Charlotte Lindstrom, then a classic Swedish beauty besotted with her drug-dealer fiance, agreed to his request to hire a hitman to kill two witnesses who were to testify against him. The hitman turned out to be an undercover cop. After her arrest, and after overcoming her infatuation, she showed complete remorse and co-operated fully with police and prosecutors.

Because of her contrition and co-operation, she received a lenient sentence of two years – which would have seen her walk free on Monday – but the Crown appealed and it was increased to three years.

This SMH story (which I find credible), suggests she now suffers acute anorexia. She is at risk of having her organs melt down, of heart failure, of brain impairment, and possibly of death.

She needs specialist care, hospitalisation and careful feeding. Her parents say she has been seen by only the prison doctor and the prison pyschologist, and a cooking teacher comes once a week. She has never been admitted to a prison hospital. She is in solitary confinement because other prisoners have threatened her with death for having co-operated with police.

Displaying a humane approach not to be found in NSW, the Swedish Government has offered to pay for her transfer to finish her sentence in her own country, where she can receive proper treatment. The NSW Labor Government rejected the offer because it needs her to give evidence in a criminal trial in July.

Sweden offered to pay for a video link. The NSW Attorney-General said video-link evidence might be inadequate. She could apply for transfer after the July trial.

Perhaps the NSW Labor Government does have good cause to keep Ms Lindstrom in Australia until the trial is over. But if so, it also has a duty to ensure she receives adequate medical care – by a specialist in anorexia, and in hospital if necessary.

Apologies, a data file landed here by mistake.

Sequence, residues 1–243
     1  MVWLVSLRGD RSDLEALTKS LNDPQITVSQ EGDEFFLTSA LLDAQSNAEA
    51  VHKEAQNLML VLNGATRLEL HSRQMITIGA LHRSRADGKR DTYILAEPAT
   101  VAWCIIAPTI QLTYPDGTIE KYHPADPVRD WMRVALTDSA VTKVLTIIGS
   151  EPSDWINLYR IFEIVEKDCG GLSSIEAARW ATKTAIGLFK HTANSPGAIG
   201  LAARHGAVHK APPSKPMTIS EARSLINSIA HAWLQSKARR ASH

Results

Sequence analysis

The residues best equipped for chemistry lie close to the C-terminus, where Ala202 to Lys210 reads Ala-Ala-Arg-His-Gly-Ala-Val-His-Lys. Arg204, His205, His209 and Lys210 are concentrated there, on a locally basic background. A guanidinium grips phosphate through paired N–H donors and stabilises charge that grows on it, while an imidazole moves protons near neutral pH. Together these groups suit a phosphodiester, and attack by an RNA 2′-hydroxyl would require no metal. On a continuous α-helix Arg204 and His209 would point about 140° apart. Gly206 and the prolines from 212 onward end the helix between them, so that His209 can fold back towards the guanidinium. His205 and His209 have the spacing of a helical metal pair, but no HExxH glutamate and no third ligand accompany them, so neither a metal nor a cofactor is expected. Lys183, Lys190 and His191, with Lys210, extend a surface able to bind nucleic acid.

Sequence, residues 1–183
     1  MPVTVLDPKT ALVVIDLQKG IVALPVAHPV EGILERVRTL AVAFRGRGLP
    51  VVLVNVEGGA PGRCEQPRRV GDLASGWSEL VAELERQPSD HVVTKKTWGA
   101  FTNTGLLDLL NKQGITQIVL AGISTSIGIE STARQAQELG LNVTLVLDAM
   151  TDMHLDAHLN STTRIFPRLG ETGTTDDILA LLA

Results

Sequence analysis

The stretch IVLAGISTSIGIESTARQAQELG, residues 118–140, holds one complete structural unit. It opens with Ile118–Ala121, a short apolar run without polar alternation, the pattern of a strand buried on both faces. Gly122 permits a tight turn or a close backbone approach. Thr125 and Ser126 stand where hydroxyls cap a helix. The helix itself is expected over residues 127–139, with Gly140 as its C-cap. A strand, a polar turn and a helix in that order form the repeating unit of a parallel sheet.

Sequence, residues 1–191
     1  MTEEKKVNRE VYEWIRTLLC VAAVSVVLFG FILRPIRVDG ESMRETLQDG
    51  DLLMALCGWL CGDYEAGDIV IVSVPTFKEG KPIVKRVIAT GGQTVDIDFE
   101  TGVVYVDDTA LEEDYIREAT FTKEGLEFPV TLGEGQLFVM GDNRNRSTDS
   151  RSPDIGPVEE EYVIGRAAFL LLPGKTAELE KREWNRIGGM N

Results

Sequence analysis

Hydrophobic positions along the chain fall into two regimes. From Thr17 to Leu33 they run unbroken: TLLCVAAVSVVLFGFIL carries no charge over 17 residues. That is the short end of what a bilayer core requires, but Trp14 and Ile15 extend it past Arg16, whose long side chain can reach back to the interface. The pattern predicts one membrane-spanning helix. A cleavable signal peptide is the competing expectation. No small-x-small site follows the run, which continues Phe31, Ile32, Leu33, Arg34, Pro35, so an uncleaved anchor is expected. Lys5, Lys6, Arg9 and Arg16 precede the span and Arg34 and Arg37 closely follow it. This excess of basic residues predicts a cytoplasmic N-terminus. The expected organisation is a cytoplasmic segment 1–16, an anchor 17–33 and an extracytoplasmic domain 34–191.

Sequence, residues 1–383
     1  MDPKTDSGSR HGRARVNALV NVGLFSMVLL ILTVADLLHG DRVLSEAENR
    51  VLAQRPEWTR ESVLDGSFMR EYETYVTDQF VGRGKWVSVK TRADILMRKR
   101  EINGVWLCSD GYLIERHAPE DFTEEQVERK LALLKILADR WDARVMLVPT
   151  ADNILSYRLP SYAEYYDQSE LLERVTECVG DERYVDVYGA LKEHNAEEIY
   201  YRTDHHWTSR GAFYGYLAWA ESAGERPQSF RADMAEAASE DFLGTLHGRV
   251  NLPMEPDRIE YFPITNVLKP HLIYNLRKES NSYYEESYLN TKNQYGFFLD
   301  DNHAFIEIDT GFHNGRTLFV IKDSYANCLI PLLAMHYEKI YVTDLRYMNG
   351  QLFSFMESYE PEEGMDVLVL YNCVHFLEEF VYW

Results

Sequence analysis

What lies ahead for Albert Paddock? Will the 80-year-old, suffering from paranoid delusions and early dementia, survive his six years in jail? Will poor medical treatment accelerate his geriatric decline? Time will tell.

Sunday, May 17

I hope I'm right, but . . .

Sometimes I read back a post and worry that I've got it wrong. Re-reading my previous post, “Damned whores and football wives”, I do feel I should modify and clarify some of my thoughts.

At the same time, perhaps, I can add a few insights which have come into my mind since that post.

First,I may have been too optimistic when I wrote that despite the sordidness of the footballers' gang-bang scandal, one could see positive outcomes. I wrote:

The public response to the scandal suggests most Australians have at last moved away from the misogyny underlying a “saints and sluts” view of women (although emerging doubts about "Clare's” veracity may be a problem).
Hopefully, in her next edition of Damned Whores and God's Police, Anne Summers will be able to pronounce that apart from a few troglodyte remnants, her dichotomy is no longer part of Australian

Perhaps I'm right. I'd like to think I am. But really, I haven't got the ability to say with any certainty. I certainly can be wrong.

Just over a decade ago, I was confident our country was tolerant, rich in its cultural diversity, secular and free of the hatreds of the old world. The land of the fair go.

If you had told me an inarticulate woman preaching xenophobia, racism and dingbat economics was winning the hearts and minds of middle Australia, I would have jeered at you. But not long after, her political party won almost a quarter of the votes in a Queensland state election.